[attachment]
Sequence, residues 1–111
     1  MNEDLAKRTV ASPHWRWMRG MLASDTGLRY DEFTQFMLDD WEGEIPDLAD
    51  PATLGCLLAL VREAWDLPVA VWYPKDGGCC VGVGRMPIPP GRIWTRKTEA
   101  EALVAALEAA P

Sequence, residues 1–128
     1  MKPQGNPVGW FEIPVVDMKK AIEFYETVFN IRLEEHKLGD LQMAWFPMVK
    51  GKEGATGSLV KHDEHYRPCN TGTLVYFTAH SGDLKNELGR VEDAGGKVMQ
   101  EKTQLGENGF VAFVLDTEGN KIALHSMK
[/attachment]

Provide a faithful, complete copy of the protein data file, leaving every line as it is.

Sequence, residues 1–111
     1  MNEDLAKRTV ASPHWRWMRG MLASDTGLRY DEFTQFMLDD WEGEIPDLAD
    51  PATLGCLLAL VREAWDLPVA VWYPKDGGCC VGVGRMPIPP GRIWTRKTEA
   101  EALVAALEAA P

Sequence, residues 1–128
     1  MKPQGNPVGW FEIPVVDMKK AIEFYETVFN IRLEEHKLGD LQMAWFPMVK
    51  GKEGATGSLV KHDEHYRPCN TGTLVYFTAH SGDLKNELGR VEDAGGKVMQ
   101  EKTQLGENGF VAFVLDTEGN KIALHSMK